Drones fight pollution of the DJI coastline
Drones for pollution: DJI partners with boat owners to fight against coastal waste
By Ian M. Crosby, Editor-in-Chief of DRONELIFE
DJI has partnered with AnimaMundi Ocean Data Solutions and Lagoon to create the world’s first comprehensive coastal plastic waste database using drones. The project begins with drones flown by sailors participating in the Atlantic Rally for Cruisers (ARC), which kicks off in Las Palmas in the Canary Islands on November 21.
DJI supplies Lagoon with drones to measure plastic waste on Caribbean beaches. The drones will collect images for AnimaMundi’s automated processing to more effectively measure the extent of plastic waste pollution. These data will reveal whether or not efforts to disrupt the flow of plastic into our oceans are reducing pollution on our coasts.
With over 300 million tonnes of plastic produced each year, at least 8 million tonnes end up in our oceans, accounting for 80% of all marine debris, from surface water to deep-sea sediments. However, there is currently no aggregate data documenting the size, location and progression of the problem.
AnimaMundi has developed software that will automatically record, count and record the presence and number of plastic bottles on our shores in real time, captured through an application using photographs and drone images. The data is automatically uploaded, processed and stored on company servers and will be provided to those involved in ocean health projects, enabling measurable and results-driven impact.
“Just before the start of COP26, world leaders admitted that an annual target of $ 100 billion in climate finance will not be met until 2023,” said Matt Cooper, founder and CEO of AnimaMundi. “The need for urgent climate action is met by the need to ensure adequate and effective financing solutions. Big data like this will help determine priorities for action.
Lagoon, world leader in the sailing catamaran market and partner of the ARC rally since 2005, uses its “Club Lagoon” to encourage its owners to register for the program.
“Lagoon is proud to partner with AnimaMundi in this exciting data collection initiative using our ‘Club Lagoon’ as part of the solution,” said Thomas Gailly, Lagoon brand manager. “We have over 6 000 of our catamarans sailing the world and we can feel that our customers are more and more willing to play a role in such initiatives. It is stimulating to think that the community of Lagoon owners could be involved in the capture of this essential data in a very efficient manner.This partnership is the perfect complement to our own policy of respect for the environment and to all the work undertaken to reduce the environmental impact of our activities.
DJI, the world leader in civilian drones and aerial imaging technology, provided the program with converted drones to use to capture images of the Caribbean coast that would otherwise be out of reach.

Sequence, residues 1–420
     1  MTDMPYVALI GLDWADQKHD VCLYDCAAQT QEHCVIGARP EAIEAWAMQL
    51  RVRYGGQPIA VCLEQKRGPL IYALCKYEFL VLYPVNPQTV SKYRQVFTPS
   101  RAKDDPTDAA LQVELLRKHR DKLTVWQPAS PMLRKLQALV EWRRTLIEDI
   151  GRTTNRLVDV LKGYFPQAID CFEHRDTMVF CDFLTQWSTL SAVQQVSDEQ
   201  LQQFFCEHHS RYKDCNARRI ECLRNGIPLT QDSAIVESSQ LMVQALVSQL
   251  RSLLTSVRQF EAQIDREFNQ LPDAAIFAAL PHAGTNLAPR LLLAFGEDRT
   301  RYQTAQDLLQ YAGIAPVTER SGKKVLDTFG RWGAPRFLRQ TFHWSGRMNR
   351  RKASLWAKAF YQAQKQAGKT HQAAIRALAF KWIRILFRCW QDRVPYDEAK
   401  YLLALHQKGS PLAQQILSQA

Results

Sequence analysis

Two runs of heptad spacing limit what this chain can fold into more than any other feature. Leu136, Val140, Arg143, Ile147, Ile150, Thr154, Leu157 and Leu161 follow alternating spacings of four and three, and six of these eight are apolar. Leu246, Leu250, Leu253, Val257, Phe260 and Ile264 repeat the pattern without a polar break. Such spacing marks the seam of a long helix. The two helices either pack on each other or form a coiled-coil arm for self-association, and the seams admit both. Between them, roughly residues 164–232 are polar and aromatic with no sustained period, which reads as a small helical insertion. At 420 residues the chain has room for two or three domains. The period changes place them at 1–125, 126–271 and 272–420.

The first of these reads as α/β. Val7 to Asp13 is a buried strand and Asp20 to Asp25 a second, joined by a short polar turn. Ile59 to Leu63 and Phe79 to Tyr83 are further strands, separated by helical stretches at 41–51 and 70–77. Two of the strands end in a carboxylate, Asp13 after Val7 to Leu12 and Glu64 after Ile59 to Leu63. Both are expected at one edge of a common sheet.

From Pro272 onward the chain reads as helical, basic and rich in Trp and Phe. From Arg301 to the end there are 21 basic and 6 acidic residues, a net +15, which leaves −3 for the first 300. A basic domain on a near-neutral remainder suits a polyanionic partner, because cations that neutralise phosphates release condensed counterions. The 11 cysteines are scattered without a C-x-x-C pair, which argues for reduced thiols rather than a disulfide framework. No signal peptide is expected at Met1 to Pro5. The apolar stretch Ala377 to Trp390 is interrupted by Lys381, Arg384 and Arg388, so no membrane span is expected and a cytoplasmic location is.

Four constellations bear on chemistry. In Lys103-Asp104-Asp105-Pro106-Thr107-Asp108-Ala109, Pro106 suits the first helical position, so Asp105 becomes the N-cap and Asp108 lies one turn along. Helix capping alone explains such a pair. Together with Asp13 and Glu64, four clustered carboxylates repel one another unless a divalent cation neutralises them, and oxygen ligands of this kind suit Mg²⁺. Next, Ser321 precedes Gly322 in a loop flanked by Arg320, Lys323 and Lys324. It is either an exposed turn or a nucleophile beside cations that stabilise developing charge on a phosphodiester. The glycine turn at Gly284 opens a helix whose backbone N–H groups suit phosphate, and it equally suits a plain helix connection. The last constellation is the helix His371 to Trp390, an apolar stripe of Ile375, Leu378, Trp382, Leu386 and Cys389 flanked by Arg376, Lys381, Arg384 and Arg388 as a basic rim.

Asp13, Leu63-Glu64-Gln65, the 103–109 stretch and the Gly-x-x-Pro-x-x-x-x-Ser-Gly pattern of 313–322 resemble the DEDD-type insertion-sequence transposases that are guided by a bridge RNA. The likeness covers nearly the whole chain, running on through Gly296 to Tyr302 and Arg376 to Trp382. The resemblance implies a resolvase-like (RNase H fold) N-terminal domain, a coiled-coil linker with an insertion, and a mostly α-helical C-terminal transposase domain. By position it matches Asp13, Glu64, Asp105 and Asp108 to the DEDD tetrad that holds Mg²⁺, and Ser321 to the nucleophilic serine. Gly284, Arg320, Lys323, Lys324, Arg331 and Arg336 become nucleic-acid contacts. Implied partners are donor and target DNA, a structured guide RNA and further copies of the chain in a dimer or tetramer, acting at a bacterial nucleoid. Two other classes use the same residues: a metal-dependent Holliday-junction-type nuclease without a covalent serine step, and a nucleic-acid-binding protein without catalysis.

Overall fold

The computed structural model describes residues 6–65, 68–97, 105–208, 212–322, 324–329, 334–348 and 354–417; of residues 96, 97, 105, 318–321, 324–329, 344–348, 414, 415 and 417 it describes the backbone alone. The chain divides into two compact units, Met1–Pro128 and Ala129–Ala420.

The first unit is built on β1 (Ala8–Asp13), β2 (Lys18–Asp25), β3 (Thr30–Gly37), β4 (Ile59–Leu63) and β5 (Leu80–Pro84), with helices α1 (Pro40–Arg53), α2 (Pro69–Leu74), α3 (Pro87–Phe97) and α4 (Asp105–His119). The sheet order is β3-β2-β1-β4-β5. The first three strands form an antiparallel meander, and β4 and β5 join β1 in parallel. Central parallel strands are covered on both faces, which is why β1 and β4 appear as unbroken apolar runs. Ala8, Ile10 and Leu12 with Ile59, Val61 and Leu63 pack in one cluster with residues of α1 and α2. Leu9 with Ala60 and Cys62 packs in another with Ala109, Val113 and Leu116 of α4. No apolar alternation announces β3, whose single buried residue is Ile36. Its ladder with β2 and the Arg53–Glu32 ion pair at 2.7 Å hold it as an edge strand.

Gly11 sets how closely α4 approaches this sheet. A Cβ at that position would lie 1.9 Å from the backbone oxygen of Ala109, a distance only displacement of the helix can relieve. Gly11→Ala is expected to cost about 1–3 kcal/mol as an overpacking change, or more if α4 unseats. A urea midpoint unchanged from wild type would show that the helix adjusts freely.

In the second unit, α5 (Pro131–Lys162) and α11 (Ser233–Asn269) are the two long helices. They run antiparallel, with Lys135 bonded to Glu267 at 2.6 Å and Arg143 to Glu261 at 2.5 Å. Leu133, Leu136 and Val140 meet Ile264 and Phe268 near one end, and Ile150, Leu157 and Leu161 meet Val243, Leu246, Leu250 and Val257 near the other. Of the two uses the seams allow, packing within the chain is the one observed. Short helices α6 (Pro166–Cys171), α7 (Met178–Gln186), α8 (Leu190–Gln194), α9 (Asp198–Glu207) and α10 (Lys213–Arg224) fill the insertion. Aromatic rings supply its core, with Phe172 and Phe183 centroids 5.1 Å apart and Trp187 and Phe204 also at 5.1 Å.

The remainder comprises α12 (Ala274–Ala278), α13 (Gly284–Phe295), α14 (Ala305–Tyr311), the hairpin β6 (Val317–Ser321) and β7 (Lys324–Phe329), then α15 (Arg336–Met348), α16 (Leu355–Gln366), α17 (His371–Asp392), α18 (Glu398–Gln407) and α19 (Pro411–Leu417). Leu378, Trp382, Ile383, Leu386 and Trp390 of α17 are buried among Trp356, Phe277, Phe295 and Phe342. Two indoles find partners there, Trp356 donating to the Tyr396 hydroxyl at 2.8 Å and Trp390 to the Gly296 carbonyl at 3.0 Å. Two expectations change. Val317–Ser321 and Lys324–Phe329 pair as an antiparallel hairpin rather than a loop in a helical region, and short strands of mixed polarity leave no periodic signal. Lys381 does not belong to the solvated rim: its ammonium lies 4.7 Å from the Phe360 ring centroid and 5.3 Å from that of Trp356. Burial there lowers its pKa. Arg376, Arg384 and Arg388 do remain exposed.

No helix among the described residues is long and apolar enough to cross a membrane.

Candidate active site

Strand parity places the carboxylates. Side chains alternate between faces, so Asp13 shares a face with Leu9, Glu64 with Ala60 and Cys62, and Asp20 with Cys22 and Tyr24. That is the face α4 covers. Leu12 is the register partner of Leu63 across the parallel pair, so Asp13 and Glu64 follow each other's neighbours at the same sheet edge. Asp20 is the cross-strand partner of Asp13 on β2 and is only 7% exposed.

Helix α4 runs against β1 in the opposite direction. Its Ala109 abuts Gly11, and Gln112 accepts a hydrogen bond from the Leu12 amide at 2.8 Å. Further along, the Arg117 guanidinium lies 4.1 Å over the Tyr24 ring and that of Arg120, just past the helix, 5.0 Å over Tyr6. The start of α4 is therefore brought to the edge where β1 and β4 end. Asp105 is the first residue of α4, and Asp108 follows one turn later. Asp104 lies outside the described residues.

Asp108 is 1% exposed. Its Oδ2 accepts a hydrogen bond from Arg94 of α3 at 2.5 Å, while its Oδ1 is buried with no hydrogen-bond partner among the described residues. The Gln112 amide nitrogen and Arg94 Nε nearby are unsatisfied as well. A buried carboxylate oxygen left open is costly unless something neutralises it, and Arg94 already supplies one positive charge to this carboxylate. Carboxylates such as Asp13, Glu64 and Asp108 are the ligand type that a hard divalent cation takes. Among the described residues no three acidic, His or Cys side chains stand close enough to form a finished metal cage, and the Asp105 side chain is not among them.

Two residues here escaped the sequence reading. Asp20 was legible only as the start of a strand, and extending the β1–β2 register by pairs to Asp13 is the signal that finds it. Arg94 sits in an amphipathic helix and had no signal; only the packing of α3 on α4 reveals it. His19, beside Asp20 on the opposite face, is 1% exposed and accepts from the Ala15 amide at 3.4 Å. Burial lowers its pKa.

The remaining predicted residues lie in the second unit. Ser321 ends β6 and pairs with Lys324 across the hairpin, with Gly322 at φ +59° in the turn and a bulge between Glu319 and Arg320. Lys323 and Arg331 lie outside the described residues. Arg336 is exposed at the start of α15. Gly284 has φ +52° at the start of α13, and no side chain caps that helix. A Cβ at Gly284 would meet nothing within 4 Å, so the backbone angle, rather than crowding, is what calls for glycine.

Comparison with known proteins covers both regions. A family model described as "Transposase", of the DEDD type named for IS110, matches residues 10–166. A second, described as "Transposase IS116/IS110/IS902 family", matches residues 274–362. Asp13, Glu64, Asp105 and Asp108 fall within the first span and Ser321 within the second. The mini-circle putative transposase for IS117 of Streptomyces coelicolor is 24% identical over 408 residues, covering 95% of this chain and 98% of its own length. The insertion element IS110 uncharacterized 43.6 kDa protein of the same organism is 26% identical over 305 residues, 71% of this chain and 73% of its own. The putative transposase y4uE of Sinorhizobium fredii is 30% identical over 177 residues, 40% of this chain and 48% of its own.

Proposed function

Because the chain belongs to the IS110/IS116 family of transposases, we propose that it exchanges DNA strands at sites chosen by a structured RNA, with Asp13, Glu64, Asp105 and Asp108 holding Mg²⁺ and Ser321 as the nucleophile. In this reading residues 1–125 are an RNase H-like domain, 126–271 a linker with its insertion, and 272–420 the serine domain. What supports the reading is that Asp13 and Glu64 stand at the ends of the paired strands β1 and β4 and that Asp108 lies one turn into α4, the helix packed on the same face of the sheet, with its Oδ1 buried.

“Our drones and cameras allow people to capture incredible high-end professional photos, videos and images from all corners of the world,” said Olivier Mondon, senior communications manager at DJI Europe. “Every day we learn how drones benefit society as a whole, and we are proud that our drones are embarking on this environmental journey with experienced sailors who will be able to work with reused products to enable invaluable data capture.”
Starting with the Caribbean Islands, AnimaMundi is also finalizing a partnership with the International Union for Conservation of Nature (IUCN) and its Plastic Waste-Free Islands (PWFI) initiative to generate weekly profiles of coastal plastic waste. islanders covering Grenada, Saint Lucia. , Antigua and Barbuda. With the help of the Norwegian Agency for Development Cooperation, IUCN launched the PWFI project in the Caribbean, Mediterranean and Oceania in 2019, with the aim of promoting a circular economy and demonstrating effective and efficient solutions. quantifiable measures to tackle plastic leakage from small island developing states. .
Learn more about using drones for ocean research, drones for pollution, and drones for cleaning plastic.
Ian attended the Dominican University of California, where he graduated with a BA in English in 2019. A long-time passionate writer and storyteller with a keen interest in technology, he now contributes to DroneLife as a writer.
Miriam McNabb is Editor-in-Chief of DRONELIFE and CEO of JobForDrones, a professional drone services marketplace, and a fascinated observer of the emerging drone industry and the regulatory environment for drones. Miriam has written over 3,000 articles focused on the drone business space and is an international speaker and recognized figure in the industry. Miriam is a graduate of the University of Chicago with over 20 years of high tech sales and marketing experience for new technologies.
For advice or writing on the drone industry, email Miriam.
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